Friday, March 16, 2001Montana Fish, Wildlife & Parks marks 100 years of conservation this month, a celebration that will continue throughout the year.
On March 18, 1901, at the urging of Governor John E. Rickards, Montana's seventh Legislature passed, "An Act to provide for the appointment of a State game and fish warden, deputy game and fish wardens and special deputy game and fish wardens?to examine into and inquire about any violation of the game and fish laws of the state." On April 1, 1901 Gov. Rickards appointed W.F. Scott as Montana's fish game warden, which established what would eventually become today's Montana Fish, Wildlife & Parks department.
"The agency turns 100 years old this month, but our state's conservation legacy is the result of the value Montanans have placed on fishing in healthy streams, hunting game in rugged country and preserving cultural treasures as state parks for the enjoyment of Montanans and visitors alike," said FWP Director Jeff Hagener.
To help mark the occasion, renowned western artist Larry Zabel created "Sun River Challenge," an original oil painting that commemorates the creation of the Sun River Game Range. In addition, FWP has published a special edition of Montana Outdoors magazine, and produced its new, award-wining documentary film, "No Need for a Saturday Night." The film chronicles the history of conservation in Montana through the words of Montana cowboy poets Mike Logan, Wally McRae, Sandy Seaton, and Paul Zarzyski, and musicians Jack Gladstone and Rob Quist.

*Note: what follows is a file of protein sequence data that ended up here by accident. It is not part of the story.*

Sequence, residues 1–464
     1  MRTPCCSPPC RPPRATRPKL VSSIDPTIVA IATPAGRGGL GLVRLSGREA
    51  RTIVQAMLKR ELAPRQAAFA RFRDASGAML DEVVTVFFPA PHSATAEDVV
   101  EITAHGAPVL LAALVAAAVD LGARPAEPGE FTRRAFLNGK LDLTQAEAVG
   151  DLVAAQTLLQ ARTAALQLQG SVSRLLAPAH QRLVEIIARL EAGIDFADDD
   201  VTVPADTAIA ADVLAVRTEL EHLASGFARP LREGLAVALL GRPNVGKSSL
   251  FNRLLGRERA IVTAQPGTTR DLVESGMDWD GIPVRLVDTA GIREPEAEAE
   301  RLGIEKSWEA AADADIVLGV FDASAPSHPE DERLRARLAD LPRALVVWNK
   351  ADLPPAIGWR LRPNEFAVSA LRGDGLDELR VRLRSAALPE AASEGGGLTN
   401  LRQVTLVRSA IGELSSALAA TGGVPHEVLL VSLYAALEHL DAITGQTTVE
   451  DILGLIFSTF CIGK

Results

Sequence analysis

A special Montana conservation poster, video copies of "No Need for a Saturday Night," and copies of Montana Outdoors are available at most FWP offices. Other events include a presentation in the State Capitol Rotunda on March 20, a special U.S. Postal Service stamp cancellation for the Capitol Station on March 30 and television news "Outdoor Reports" that will be produced periodically throughout the year. For more information call 406-444-3051.